More and more universities are offering students and faculty campus-wide wireless Internet connectivity, distance learning, and other high-tech products and services, but educators note that such tools should be implemented mainly for educational purposes, and caution that some school-supported programs promote digital lifestyle technologies with flimsy classroom value that yield more benefits to providers than students. For example, Duke University's pilot distribution of over 1,600 new Apple iPods to students is touted as a way to augment class lectures, audio books, and language lessons, but critics say the program is little more than a marketing ploy to make Duke more attractive to prospective enrollments. Some campuses are subsidizing the cost of these initiatives through partnerships with tech vendors or service providers: MIT, for instance, built its iLab remote laboratory, which students can access anytime on a standard Web browser, with the help of a $25 million endowment from Microsoft. The Campus Computing Project reports that over 90 percent of U.S. campuses boast some form of wireless networking, while more than 45 percent of campuses reported strategic plans for deploying or updating wireless networks in the fall of last year. Some schools are starting to offer both faculty and students anytime/anywhere Wi-Fi broadband connections, which benefits purveyors of digital lifestyle products by exposing young consumers to the perks of seamless mobile computing. However, Wi-Fi, peer-to-peer applications, and other services come with significant security shortcomings. Unsurprisingly, schools are also major customers of antivirus, antispam, intrusion detection and prevention software, and other security products.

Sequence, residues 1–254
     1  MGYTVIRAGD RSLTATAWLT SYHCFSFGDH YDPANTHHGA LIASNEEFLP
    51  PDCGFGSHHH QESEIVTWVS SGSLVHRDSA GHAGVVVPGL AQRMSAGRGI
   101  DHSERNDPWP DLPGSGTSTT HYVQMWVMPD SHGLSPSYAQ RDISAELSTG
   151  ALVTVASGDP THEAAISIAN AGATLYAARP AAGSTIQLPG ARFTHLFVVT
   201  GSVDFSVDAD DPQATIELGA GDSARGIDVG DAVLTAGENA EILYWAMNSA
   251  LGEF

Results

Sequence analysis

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  • "The Human Factor Trumps IT in the War on Terror"
    Government Computer News (09/01/04); Jackson, William

    Information technology can be used as an intelligence gathering and analysis tool in the war on terrorism, but the organization of the intelligence community will need to change to make the data as effective as possible, according to industry experts. The place of IT in the war on terrorism was the topic of a panel of computer scientists at the University of Maryland. "While there is a lot of good information out there, it isn't getting to the right people at the right time," explained William J. Lahneman, coordinator of the Center for International and Security Studies in the School of Public Policy. The culture of "knowledge is power" in the intelligence community prevents more effective sharing of information, and James Hendler of the university's Institute for Advanced Computer Studies agreed that changing the culture of intelligence agencies would be a huge challenge. The scientists also stressed the need for a change in IT architectures, including the Web. And although terrorists have not used the Internet to carry out any significant attacks, they are using the Web more effectively to galvanize supporters than the U.S. government, according to the researchers.
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  • "Behind in Broadband"
    Business Week (09/06/04) No. 3898, P. 88; Yang, Catherine; Ihlwan, Moon; Tashiro, Hiroko